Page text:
Screenwriting psychologists who specialize in treating creative disorders unique to screenwriters have come up various theories on the causes of WBD – commonly referred to as Writers’ Block Disorder.
For afflicted screenwriters it is a debilitating condition displaying the following common symptoms: staring at a blank screen for prolonged periods of time, FTW (Failure To Write), panic and anxiety attacks, fear, mental blocks, and CCD (Continuous Coffee Drinking.) The more extreme cases of WBD are characterized by smoking and alcohol consumption which exceeds recommended amounts. On rare occasions, some screenwriters have reportedly quit their profession.
Every screenwriter has experienced WBD at some stage of their screenwriting career. It can strike at any time, without warning. It does not discriminate by gender, race, location or years of writing experience. It can affect all of us and our families.
There is no known vaccine, insurance or precautions. However, WBD can be effectively managed by examining the common root causes of writers’ block. Extensive scientific research indicates that all forms of blockage stem from writing before you have figured out the key elements of the story. So plan ahead.
1) Not Knowing Your Story
89% of researchers believe that this non specific form of WBD occurs when there hasn’t been enough story outlining done by the screenwriter. It’s like starting to drive your car before you know where you’re going. Apart from WBD, not knowing your story well enough results in many unnecessary rewrites.
SUGGESTED CURE: Decide on your screenplay super structure: beginning, middle and end. Plan the key turning points, including the mid-point. Write in manageable chunks toward the next plot point, rather than toward the end.
2) Not Knowing Your Genre
85% of clinical researchers believe that this factor is a subgroup of not knowing your story well enough. The rest believe it’s a factor in its own right.
Common symptoms of this disorder include an undefinable genre unrelated to the standard drama, comedy, action, thriller, sci-fi and horror. Other symptoms include an unexplained, or jarring, genre change during the film script, or an aggregate of three or more genres.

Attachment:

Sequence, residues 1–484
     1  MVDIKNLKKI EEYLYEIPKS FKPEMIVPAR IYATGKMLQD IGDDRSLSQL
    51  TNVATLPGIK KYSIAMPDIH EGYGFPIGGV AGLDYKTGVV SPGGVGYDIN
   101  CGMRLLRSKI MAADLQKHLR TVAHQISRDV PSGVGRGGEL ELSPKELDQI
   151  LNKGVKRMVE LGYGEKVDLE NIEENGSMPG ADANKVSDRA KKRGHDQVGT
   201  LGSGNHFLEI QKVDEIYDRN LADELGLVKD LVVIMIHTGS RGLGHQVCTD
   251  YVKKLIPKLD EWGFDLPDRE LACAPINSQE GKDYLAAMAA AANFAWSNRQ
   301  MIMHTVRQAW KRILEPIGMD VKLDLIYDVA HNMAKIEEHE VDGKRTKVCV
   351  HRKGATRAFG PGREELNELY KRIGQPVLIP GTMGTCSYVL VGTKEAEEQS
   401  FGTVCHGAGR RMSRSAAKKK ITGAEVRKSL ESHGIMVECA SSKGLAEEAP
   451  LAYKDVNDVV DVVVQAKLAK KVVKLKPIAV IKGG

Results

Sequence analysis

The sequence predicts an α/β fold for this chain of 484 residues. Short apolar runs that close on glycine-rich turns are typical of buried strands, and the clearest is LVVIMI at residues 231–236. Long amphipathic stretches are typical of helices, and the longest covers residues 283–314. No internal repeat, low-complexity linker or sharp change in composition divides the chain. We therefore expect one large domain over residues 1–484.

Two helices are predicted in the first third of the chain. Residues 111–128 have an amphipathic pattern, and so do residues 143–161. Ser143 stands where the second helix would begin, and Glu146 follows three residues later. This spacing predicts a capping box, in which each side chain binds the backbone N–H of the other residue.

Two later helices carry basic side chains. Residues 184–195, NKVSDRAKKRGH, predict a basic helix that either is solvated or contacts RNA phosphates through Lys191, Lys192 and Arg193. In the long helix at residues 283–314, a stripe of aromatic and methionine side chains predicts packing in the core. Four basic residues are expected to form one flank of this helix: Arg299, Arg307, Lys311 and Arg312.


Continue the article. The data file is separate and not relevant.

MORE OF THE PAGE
SUGGESTED CURE: Decide on the predominant genre. There can only be one. Film purists believe all genres can be reduced to comedy, action and drama.
It’s okay to have a hybrid genre such as comedy-horror or action-comedy. These hybrids are basically a descriptive variant of the main genre. i.e a horror with comedic elements or a comedy with action elements, respectively. You cannot have any more genres in your movie script without creating a screenwriting mess.
3) Not Knowing Your Characters
77% of writing psychologists agree that this is the most frequent trigger of WBD. Not understanding their dramatic function, their goals and motivations can lead screenwriters down the perilous path of unscheduled, forced writing breaks. If you really know what makes your characters tick, you can always proceed with writing your story. You know what decisions characters are likely to make in your screenplay.
SUGGESTED CURE: Go to original character breakdown and cut and paste it into a new document. Write down their desires, goals and their needs. Explore their interactions with other characters, the theme and how the plot will take them to the story conclusion.
4) Not Knowing Your Theme
This factor has been a subject of intense controversy among the Screenwriters Psychological Society (SPS.). Some experts claim that is an entirely fictitious disorder created by procrastinating screenwriters to justify their lack of writing progress. 52% of screenwriting disorder experts believe that it is really a thing and is compounded by not fully knowing your story before you start to write.
SUGGESTED CURE: Spend a good amount of time defining your theme. Almost as much as writing your logline. A theme must be fully fleshed out. Something like love will always find a way is too broad. Make it more specific such as a deserving heart will always find its soulmate no matter what obstacles are placed before it.
5) Not Knowing Your Plot
This ranks last on the list. An unimpressive 47% of researchers determined that a well-formed plot (a series of actions or events) is inherent in a solid story. There is some debate about the relative weighting of main plot and subplot, but most screenwriters should be fine with a 2:1 ratio. Some screenwriters have been known to lose the plot altogether. If this happens to you, seek professional help immediately.
SUGGESTED CURE: Plot wrinkles are normally solved during rewrites. These include logic, feasibility and timeline issues. Oftentimes, plots are rewritten to be more visual and entertaining.
BONUS: ADDITIONAL ANTI-WBD MEASURES
Meditation, distracting tasks, background music, exercise, change of environment.
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